Hannathras began chanting under his breath. The balls of fire, arcing slowly across the sky, grew large and bright as the moon neared its apex: the crystalline world below dimly reflected their orange light.
And one of the flames, the largest, flared suddenly, and then went out. Where it had been, a dark, glowing point of shadow-light pulsed, streaming silently upward across the sky, warping the starry background as though drawing its force from the fabric of space itself. It constricted and leapt forward, directly at—
The moon. It struck the bright white orb silently, and a great plume of white dust rose from it, slowly. Another waxing fireball flamed out brightly and winked into nothingness. It pulsed and leapt forward, followed by others. They fell at the moon, striking it at its leading edge, as though trying to push it back. Plumes of dust rose from it, obscuring the nearby stars.
I stared, utterly confused. What’s going on? I thought. We’re undoing a six hundred year old mistake, said Fang’s voice in my thoughts. Mistake?
Hannathras’s hands, outstretched, continued guiding the demonic fireballs across the sky. I noticed a new crop of them descending from the east. These flamed out as well, and leapt at the moon – but they didn’t impact it, disappearing instead behind the moon.
As the banshee wizard pushed and pulled and the night sky lit up with orange fire, the moon ceased its eternal orbit’s ascent and stopped, motionless, at the top of the sky. Hannathras’s face was strained as though his will was moving worlds.
The last of the flames winked out, striking at the great white moon. The night sky was black again, and the moon, scarred along its western edge, hung brilliantly among the stars perfectly motionless above us.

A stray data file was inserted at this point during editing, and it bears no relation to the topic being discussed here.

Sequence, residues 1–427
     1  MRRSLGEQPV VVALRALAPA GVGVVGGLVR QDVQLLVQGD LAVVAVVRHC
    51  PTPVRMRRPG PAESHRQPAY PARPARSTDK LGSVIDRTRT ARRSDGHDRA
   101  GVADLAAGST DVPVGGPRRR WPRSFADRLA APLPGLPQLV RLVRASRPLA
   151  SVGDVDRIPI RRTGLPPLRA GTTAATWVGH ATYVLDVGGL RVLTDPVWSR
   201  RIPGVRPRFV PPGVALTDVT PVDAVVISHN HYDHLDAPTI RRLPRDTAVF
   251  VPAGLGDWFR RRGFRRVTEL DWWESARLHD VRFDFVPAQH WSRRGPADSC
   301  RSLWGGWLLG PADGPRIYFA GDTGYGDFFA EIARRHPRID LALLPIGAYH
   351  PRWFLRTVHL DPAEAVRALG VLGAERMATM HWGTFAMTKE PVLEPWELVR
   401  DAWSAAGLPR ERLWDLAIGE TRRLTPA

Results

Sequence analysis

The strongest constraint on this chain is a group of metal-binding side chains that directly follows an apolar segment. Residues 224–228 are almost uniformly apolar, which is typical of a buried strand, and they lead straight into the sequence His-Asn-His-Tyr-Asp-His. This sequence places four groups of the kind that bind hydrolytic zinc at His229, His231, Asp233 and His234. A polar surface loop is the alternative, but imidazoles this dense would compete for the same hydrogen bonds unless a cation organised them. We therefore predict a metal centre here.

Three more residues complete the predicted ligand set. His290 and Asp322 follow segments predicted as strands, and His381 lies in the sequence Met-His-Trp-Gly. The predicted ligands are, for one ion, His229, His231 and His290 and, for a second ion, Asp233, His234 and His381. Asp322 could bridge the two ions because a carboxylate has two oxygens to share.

Then, at its western edge, a tiny sliver of blue emerged. I stared at it as it grew, from a sliver, to a great, glowing blue disc, born out of the white moon, smaller than it but as bright. My god, I thought. Imagine how the rest of the world feels tonight, said Fang. I’ve missed it, he added wistfully.
As the blue moon fully emerged from her white mother, a sudden, terrible thunderclap, like mortar fire, struck the night, echoing off the frozen wastelands below.
I look to the sound’s source, and saw to my horror that the top of the crystal tomb had cracked open. A cold mist tendril snaked out of the crack. It caught the blue light of the new moon and seemed to hold it like a sponge. The dark form inside the frozen tomb, which had been bent double, now stood erect. I watched, terrified and entranced.
Hannathras, weakened by his tidal effort, began singing his ethereal hymn again, and the tomb’s mist, and its captive blue light, began to gather about his hands. As it intensified, he gritted in pain, and the skin of his hands boiled and peeled. He squeezed his eyes shut, willing himself to keep singing, pulling in more of the moonlight, until his hands were surrounded by whirring, pulsing orbs of light too bright to look at. He inhaled sharply, his eyes flying wide, and then, in response to some unheard question, he cried, “Yes, knowingly!”
The blue light disappeared for a moment – his hands were now nothing but charred stumps – and the world was silent. Then Hannathras’s whole body began shaking, then glowing, and burning and boiling, his mist evaporating beneath him, and the blue light leapt from him in a bolt, striking the frozen tomb.